7

I have a relativley simple app which persists data to a plist file located in the documents folder. The data loads into a UITableView at startup. The user can then edit, delete or add records and any changes get saved back to the plist file.

Now I would like to share this data (the plist file) across devices using iCloud. I have looked at the documentation and my understanding is that I need to create a UIDocument to "manage" the plist file.

I have looked at several iCloud tutorials however they all store a simple string within a property in the UIDocument class, not an entire file (like a plist).

How do I share my plist file (or any other file, for that matter) to iCloud using the UIDocument object?

Would I convert the plist file contents to NSData, then save that in a property in the UIDocument? Should I be using use NsFileWrapper instead?

I seem to be having a difficult time wrapping my head around the UIDocument/iCloud arrangement. I am probably making this more complicated then it really is.

2
  • Did you find an answer for this? I'm looking at doing the same thing and my app sounds very similar to yours. Please let me know if you found a good tutorial.
    – Jackson
    Dec 18, 2011 at 18:08
  • I am also trying to accomplish this. I have been modifying the tutorial with the NSString, but I can't get the second device to see the data.
    – zambono
    Dec 31, 2011 at 6:34

2 Answers 2

7

Not sure if anybody still needs a solution for that but I found a nice way to get this to work.

Since UIDocument only accepts Data as NSData or NSFilewrapper, I first created a Category for the NSDictionary Class that returns a NSDictionary from NSData. Here's the two files for the Category:

NSDictionary+DictFromData.h:

#import <Foundation/Foundation.h>

@interface NSDictionary (DictFromData)
+ (id)dictionaryWithData:(NSData *)data;
- (id)initWithData:(NSData *)data;
@end

and the NSDictionary+DictFromData.m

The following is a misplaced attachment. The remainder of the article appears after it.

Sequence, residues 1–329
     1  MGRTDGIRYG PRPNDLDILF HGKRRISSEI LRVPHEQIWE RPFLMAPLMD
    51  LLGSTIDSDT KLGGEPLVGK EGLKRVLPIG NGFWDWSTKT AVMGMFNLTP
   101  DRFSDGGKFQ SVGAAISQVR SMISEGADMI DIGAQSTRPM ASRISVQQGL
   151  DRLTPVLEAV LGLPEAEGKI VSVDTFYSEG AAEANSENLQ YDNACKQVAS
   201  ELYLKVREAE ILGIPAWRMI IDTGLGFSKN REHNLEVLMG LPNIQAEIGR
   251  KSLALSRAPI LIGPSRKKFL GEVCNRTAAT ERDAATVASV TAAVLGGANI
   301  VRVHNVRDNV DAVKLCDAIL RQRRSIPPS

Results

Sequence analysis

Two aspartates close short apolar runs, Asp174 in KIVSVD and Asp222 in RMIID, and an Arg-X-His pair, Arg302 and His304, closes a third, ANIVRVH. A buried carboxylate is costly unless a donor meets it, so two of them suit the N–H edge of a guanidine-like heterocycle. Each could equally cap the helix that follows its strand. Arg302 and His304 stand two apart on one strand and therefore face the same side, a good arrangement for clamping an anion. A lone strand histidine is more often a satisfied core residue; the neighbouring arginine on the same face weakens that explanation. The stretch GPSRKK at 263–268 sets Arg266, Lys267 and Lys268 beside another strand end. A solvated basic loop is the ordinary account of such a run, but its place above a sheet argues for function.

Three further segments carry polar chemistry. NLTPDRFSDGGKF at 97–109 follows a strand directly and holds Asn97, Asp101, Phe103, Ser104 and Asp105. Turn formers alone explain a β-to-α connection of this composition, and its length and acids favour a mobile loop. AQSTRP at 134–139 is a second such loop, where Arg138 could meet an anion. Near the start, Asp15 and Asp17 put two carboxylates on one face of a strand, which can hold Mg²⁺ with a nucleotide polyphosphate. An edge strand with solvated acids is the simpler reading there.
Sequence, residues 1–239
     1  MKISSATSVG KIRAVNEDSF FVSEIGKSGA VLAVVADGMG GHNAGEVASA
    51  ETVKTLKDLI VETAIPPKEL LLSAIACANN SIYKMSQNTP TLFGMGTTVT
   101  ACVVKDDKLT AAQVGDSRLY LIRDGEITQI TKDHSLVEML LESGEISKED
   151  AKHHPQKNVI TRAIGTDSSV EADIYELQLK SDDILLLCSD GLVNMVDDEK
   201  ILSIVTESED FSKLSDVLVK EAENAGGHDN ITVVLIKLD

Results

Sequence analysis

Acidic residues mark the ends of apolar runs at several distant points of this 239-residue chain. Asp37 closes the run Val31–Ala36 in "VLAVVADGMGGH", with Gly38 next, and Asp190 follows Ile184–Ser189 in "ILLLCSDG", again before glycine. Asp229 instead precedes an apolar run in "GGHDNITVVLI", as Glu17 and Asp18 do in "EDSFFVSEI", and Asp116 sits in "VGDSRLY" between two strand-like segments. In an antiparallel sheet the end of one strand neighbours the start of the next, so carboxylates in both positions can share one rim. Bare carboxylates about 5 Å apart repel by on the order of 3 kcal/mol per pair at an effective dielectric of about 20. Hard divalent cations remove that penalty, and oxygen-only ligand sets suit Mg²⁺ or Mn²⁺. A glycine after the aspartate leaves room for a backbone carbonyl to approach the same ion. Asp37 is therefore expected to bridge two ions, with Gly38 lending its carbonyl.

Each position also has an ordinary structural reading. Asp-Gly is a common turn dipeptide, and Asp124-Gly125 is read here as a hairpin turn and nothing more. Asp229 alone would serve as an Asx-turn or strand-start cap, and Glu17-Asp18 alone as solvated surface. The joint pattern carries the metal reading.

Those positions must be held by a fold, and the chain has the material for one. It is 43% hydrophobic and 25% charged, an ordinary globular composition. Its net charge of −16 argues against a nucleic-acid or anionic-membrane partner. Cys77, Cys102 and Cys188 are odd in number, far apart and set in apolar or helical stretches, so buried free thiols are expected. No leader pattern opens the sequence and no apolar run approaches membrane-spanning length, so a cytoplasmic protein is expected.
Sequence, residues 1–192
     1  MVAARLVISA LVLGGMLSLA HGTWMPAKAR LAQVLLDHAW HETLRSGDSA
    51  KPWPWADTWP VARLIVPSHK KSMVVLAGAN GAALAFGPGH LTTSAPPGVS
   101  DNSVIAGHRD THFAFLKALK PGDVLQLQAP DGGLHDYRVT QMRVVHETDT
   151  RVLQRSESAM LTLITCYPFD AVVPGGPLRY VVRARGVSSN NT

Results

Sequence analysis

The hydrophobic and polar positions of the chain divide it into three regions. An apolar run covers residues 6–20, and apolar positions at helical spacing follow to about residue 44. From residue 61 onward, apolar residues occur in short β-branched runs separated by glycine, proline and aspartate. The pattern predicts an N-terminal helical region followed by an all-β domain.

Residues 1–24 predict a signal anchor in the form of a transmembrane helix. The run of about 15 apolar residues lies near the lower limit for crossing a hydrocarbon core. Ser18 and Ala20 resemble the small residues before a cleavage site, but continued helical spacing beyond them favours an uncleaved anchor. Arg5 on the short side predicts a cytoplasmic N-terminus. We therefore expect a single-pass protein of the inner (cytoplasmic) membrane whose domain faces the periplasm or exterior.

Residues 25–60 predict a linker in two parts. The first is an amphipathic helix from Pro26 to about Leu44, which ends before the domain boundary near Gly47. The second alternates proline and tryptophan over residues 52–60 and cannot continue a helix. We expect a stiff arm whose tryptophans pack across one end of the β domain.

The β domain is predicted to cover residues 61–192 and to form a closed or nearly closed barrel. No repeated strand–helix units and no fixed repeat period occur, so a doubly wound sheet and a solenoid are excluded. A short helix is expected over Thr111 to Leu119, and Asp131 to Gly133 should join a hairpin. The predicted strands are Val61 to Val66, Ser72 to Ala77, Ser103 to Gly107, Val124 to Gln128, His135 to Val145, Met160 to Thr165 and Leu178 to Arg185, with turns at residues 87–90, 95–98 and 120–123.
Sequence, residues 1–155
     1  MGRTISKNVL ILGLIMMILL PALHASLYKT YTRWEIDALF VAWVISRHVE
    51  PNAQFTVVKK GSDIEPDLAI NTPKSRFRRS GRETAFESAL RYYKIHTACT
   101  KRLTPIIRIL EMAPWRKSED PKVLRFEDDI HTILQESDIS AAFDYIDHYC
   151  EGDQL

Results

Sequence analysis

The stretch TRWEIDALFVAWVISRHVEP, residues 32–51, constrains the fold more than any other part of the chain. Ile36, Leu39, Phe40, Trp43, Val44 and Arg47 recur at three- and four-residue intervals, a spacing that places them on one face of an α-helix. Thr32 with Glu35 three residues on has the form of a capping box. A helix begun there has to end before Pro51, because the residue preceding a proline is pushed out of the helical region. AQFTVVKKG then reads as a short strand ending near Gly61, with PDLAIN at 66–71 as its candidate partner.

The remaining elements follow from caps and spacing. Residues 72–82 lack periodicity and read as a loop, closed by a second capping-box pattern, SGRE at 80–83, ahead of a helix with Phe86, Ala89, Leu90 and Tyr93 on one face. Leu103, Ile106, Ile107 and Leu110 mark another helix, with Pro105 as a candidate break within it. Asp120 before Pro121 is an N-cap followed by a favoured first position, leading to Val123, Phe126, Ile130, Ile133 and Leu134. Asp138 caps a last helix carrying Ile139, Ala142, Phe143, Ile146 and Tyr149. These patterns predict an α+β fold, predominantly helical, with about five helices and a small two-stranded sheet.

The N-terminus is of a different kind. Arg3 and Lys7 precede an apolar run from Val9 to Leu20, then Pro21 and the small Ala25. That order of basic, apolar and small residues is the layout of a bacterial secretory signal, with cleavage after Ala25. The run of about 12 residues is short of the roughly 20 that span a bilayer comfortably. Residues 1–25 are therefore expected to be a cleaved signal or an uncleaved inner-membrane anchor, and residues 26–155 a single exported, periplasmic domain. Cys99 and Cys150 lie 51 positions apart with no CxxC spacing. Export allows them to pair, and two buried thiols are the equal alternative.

#import "NSDictionary+DictFromData.h"
@implementation NSDictionary (DictFromData)

+ (id)dictionaryWithData:(NSData *)data {
    return [[[NSDictionary alloc] initWithData:data] autorelease];
}

- (id)initWithData:(NSData *)data {
    NSString *tmp = nil;

    self = (NSDictionary *)[NSPropertyListSerialization
                            propertyListFromData:data
                            mutabilityOption:NSPropertyListImmutable
                            format:NULL
                            errorDescription:&tmp];

    NSAssert1(tmp == nil,@"Error in plist: %@",tmp);
    return [self retain];
}
@end

(source)

If you now import this Category in your UIDocument Subclass, you can easily load and save your Plist File to your iCloud container.

To load your Plist from iCloud add this to your UIDocument subclass (The Property contents is an NSDictionary):

- (BOOL)loadFromContents:(id)contents
                  ofType:(NSString *)
        typeName error:(NSError **)outError {

    if ([contents length] > 0){
        self.contents = [NSDictionary dictionaryWithData:contents];
    } else {
        self.contents = nil;
    }

    // call some Methods to handle the incoming NSDictionary 
    // maybe overwrite the old Plist file with the new NSDictionary

    return YES;
}

For saving your Data back to the iCloud add this:

- (id)contentsForType:(NSString *)typeName error:(NSError **)outError {
    NSData * plistData = [[[NSData alloc]initWithContentsOfFile:YOUR_PLIST_FILE]autorelease];
    return plistData;
}

If you now call:

[myUIDocument updateChangeCount:UIDocumentChangeDone];

YOUR_PLIST_FILE is getting synchronized. Remember that it takes about 10-15sec for your iCloud Container to update.

1

To use a plist with UIDocument, you can subclass UIDocument and override the following 2 methods with self.myDictionary (your plist) declared as a NSMutableDictionary.

- (BOOL)loadFromContents:(id)contents ofType:(NSString *)typeName error:(NSError **)outError
{    
    if ([contents length] > 0) 
    {
        NSKeyedUnarchiver *unarchiver = [[NSKeyedUnarchiver alloc] initForReadingWithData:(NSData *)contents];
        NSMutableDictionary *dataDictionary = [unarchiver decodeObjectForKey:@"data"];

        self.myDictionary = dataDictionary;
        [unarchiver finishDecoding];
        [unarchiver release];
    } 
    else 
    {
        self.myDictionary =  [NSMutableDictionary dictionary];
    }

    return YES;    
}

- (id)contentsForType:(NSString *)typeName error:(NSError **)outError 
{
    NSMutableData *data = [[[NSMutableData alloc] init] autorelease];
    NSKeyedArchiver *archiver = [[NSKeyedArchiver alloc] initForWritingWithMutableData:data];
    if( !self.myDictionary )
    {
        self.myDictionary = [NSMutableDictionary dictionary];
    }
    [archiver encodeObject:self.myDictionary forKey:@"data"];

    [archiver finishEncoding];
    [archiver release];
    return data;
}
2
  • This doesn't create a dictionary plist it creates an archive plist but is close enough. To create a real plist use NSPropertyListSerialization and you can choose either xml or binary output.
    – malhal
    Mar 24, 2012 at 23:53
  • Also archive plists aren't compatible between Macs and iOS.
    – malhal
    Mar 25, 2012 at 0:13

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